Increasing number of clubs means decreasing budgets, continued


Clubs asked for $200,000 in funding this year at Le Moyne, going above the expected $140,000. As a result, clubs have complained about a lack of funding.

The Organizational Finance and Review Committee [OFRC], the standing committee for the Student Government Association [SGA], first comes up with the budget available for each club based on their activities and planned events. The SGA then approves each amount given to the clubs.

At the beginning of each year, $120,000 is set aside for clubs, but the total of $300,000 is released at once because a chunk of it is set aside for travel as well as academic activities, according to Director of Campus Life and Leadership John Haley.

“Usually clubs will ask for about $140,000 to $150,000, which is kind of close, but this year they asked for close to $200,000,” Haley said. “So this year we had a lot of clubs ask for a whole lot more money than they ever asked. Everybody got cut.”

Haley was only able to give information about a few of the club’s budget cuts this year, as the numbers are not open to the public. The Outing Club was cut around $600 and the Communications Club was cut around $800, while clubs such as Ultimate Frisbee were granted $1,000 more than they were beforehand.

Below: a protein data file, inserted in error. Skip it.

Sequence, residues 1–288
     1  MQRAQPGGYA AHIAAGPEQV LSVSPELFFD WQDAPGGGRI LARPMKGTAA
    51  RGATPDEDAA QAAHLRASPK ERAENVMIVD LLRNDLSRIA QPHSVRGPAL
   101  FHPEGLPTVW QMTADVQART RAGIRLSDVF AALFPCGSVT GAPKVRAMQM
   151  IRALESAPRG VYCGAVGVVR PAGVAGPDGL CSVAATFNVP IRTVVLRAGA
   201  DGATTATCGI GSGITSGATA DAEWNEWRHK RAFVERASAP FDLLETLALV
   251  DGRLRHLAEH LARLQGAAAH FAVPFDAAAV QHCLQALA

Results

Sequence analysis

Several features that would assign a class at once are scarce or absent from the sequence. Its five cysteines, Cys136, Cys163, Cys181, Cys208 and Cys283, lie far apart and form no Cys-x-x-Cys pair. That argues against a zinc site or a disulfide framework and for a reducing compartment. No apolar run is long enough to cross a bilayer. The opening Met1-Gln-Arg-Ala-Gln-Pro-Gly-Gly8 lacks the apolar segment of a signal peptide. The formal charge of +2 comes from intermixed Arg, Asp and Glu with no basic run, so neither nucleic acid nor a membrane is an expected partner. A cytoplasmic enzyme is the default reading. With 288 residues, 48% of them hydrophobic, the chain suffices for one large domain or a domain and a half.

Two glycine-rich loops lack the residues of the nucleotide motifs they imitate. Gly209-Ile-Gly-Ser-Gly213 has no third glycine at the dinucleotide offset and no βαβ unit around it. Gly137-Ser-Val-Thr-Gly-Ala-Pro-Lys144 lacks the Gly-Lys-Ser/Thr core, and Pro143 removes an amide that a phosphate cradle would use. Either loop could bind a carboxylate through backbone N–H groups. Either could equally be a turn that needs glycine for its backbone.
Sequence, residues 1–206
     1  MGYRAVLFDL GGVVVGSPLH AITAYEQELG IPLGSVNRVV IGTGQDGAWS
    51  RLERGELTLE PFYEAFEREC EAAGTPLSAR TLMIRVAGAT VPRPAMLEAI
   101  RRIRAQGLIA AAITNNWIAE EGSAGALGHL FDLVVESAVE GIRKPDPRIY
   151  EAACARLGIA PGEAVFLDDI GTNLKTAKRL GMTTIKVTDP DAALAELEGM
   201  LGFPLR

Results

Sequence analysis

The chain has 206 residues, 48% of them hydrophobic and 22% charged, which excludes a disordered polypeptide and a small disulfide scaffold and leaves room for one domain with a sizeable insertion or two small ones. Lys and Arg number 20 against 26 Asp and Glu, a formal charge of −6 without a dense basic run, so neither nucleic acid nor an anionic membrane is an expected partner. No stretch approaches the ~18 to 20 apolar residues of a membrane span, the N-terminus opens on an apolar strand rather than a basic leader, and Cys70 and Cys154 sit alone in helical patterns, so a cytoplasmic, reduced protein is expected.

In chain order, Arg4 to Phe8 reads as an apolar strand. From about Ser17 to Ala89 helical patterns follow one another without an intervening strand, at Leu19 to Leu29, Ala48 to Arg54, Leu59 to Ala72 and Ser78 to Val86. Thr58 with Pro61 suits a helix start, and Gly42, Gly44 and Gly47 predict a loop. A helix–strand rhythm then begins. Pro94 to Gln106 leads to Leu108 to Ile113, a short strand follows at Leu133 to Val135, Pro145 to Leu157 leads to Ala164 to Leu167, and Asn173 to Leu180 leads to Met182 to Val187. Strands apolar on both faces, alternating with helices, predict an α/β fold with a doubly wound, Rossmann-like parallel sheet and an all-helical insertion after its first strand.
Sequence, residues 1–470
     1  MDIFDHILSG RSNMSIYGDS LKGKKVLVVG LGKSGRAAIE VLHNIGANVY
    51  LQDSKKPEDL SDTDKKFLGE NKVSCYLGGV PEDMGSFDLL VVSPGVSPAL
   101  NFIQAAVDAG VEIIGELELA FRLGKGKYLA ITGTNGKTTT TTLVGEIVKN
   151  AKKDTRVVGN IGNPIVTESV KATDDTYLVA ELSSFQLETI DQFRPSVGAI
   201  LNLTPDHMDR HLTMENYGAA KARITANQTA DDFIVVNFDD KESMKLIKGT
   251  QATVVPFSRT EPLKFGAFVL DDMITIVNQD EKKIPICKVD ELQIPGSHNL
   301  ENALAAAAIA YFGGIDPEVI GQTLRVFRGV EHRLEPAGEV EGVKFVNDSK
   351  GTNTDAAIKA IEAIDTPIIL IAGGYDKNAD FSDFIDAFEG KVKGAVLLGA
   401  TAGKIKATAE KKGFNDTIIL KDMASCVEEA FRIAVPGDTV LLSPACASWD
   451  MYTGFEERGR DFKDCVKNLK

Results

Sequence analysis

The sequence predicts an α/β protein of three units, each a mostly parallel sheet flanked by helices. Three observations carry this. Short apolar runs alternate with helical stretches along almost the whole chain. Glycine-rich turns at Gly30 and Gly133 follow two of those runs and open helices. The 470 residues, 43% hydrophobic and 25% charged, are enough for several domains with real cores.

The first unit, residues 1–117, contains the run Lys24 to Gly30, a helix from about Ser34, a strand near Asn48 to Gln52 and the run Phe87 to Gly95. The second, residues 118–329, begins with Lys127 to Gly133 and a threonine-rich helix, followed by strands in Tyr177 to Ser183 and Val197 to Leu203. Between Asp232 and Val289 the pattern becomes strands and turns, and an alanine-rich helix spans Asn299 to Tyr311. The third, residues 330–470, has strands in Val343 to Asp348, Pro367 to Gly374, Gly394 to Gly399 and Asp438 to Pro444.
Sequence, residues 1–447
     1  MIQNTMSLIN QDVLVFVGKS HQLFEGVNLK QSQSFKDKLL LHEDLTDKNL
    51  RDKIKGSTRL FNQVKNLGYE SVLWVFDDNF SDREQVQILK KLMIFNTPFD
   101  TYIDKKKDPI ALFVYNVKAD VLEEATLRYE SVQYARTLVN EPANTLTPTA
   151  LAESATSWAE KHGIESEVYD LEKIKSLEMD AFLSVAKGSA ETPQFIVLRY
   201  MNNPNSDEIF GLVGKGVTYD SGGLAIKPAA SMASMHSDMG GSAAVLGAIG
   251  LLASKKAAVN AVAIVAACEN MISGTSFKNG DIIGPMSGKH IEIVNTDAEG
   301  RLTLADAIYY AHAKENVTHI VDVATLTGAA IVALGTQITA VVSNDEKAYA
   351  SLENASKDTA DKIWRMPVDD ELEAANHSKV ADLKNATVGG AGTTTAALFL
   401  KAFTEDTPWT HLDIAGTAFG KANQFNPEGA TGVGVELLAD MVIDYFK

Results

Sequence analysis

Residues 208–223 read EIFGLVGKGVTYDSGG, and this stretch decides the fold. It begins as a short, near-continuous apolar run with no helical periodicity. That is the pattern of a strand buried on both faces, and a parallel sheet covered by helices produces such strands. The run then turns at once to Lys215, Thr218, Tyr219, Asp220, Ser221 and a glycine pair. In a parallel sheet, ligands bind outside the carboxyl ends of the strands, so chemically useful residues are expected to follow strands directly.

According to Haley, each club this year was granted, on average, close to $1200.

A significant amount of money is set aside for certain organizations on campus who are guaranteed a specific amount each year. This money is put on reserve and does not have to go through the OFRC because these organizations are crucial to Le Moyne’s success and accomplishments. These programs include the Residence Hall Association and resident advisors, the shuttle provided for students, club sports, trips that the faculty take their students on, the Performing Arts program, and the Le Moyne Student Programing Board.

Karleigh Volk, co-chair of Le Moyne Student Programming Board [LSPB], said that these club cuts could possibly be a positive thing for her club. Since LSPB has a certain amount of money on reserve each year, more clubs will be coming to Volk, hoping for LSPB to fund their events and allow for more club collaboration. These collaborative events allow lesser known clubs to become more well known and involve more students.

President of Ultimate Frisbee Club Lucas Morrissey said his club requested to receive $3,613.60 and ended up receiving $2,290. This money that they requested, Morrissey informed, was intended for expenses such as tournament costs, gas reimbursement, uniforms, and discs. Their demand was not met, therefore, the team plans on raising money outside of their given funds and will sell discs to other teams to raise money for tournament fees and to help with the cost of jerseys.

“Other clubs might be in more dire situations,” Morrissey said, “but we have enough people and ideas to keep ours running.”